3.1 Systematic modified dispersion
Perhaps the simplest kinematic framework for Lorentz violation in particle based experiments is to
propose modified dispersion relations for particles, while keeping the usual energymomentum conservation
laws. This was the approach taken in much of the work using astrophysical phenomena in the late 1990’s. In
a given observer’s frame in flat space, this is done by postulating that the usual Lorentz invariant dispersion
law is replaced by some function . In general the preferred frame is
taken to coincide with the rest frame of the cosmic microwave background. Since we live in
an almost Lorentz invariant world (and are nearly at rest with respect to the CMBR), in the
preferred frame must reduce to the Lorentz invariant dispersion at small energies and
momenta. Hence it is natural to expand about , which yields the expression
where the constant coefficients are dimensionful and arbitrary but presumably such that the
modification is small. The order of the first nonzero term in Equation (13) depends on the underlying
model of quantum gravity taken. Since the underlying motivation for Lorentz violation is quantum gravity,
it is useful to factor out the Planck energy in the coefficients and rewrite Equation (13) as
such that the coefficients are dimensionless.
In most of the literature a simplifying assumption is made that rotation invariance is preserved. In
nature, we cannot have the rotation subgroup of the Lorentz group strongly broken while preserving boost
invariance. Such a scenario leads immediately to broken rotation invariance at every energy which is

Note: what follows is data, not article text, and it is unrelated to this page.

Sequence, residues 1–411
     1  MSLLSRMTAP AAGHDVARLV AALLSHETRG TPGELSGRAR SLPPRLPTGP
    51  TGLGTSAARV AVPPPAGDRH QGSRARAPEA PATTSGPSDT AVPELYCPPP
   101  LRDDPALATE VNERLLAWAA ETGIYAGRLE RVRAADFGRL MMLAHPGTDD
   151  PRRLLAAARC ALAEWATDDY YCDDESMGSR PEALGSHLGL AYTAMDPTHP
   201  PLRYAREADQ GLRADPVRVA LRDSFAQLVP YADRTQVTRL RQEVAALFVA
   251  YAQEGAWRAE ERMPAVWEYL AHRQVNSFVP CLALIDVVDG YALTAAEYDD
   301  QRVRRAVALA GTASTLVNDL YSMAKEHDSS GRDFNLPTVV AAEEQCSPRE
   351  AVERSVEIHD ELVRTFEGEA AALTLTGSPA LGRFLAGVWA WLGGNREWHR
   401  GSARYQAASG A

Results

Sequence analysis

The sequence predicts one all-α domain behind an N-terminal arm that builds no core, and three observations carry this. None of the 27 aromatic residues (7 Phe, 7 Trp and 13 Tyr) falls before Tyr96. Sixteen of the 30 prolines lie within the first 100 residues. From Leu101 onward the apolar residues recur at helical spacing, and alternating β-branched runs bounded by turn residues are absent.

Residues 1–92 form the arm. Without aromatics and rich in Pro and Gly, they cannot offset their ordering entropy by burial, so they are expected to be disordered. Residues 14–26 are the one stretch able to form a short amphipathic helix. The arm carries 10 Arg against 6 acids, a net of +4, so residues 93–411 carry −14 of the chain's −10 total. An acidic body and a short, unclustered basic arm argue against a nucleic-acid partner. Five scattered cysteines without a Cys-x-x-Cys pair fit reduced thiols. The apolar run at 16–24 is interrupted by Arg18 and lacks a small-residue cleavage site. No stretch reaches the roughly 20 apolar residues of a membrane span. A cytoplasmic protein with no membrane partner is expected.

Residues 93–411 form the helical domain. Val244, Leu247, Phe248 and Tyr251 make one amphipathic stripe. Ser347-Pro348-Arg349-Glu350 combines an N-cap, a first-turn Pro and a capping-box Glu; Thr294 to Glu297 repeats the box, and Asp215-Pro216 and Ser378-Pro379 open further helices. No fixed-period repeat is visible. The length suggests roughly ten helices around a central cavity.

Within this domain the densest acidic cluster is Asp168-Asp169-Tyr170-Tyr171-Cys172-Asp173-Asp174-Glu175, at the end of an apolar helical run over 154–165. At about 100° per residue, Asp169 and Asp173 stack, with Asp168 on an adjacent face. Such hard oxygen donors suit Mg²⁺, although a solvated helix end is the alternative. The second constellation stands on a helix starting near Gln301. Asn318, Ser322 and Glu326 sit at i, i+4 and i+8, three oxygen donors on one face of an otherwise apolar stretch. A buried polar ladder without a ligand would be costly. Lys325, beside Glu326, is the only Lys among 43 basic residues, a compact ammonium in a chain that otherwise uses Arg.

unobserved.
Hence, if there is strong rotation breaking there must also be a broken boost subgroup. However, it is
possible to have a broken boost symmetry and unbroken rotation symmetry. Either way, the boost subgroup
must be broken. Phenomenologically, it therefore makes sense to look first at boost Lorentz violation
and neglect any violation of rotational symmetry. If we make this assumption then we have
There is no a priori reason (from a phenomenological point of view) that the coefficients in
Equation (15) are universal (and in fact one would expect the coefficients to be renormalized differently
even if the fundamental Lorentz violation is universal [6]). We will therefore label each as
where represent particle species.

Modified dispersion and effective field theory

Effective field theory (EFT) is not applicable if one wishes to stick to straight kinematics,
however the EFT implications for modified dispersion are so significant that they must be
considered. As will be shown in detail in Section 4.1, universal dispersion relations cannot be
imposed for all from an EFT standpoint. For example, rotationally invariant type
dispersion cannot be imposed universally on photons [90, 230]. The operators that give rise to
dispersion are CPT violating and induce birefringence (the dispersion modifications
change sign based on the photon helicity). Since EFT requires different coefficients for particles
with different properties and there is no underlying reason why all coefficients should be the
same, it is phenomenologically safest when investigating modified dispersion to assume that
each particle has a different dispersion relation. After this general analysis is complete the
universal case can be treated with ease.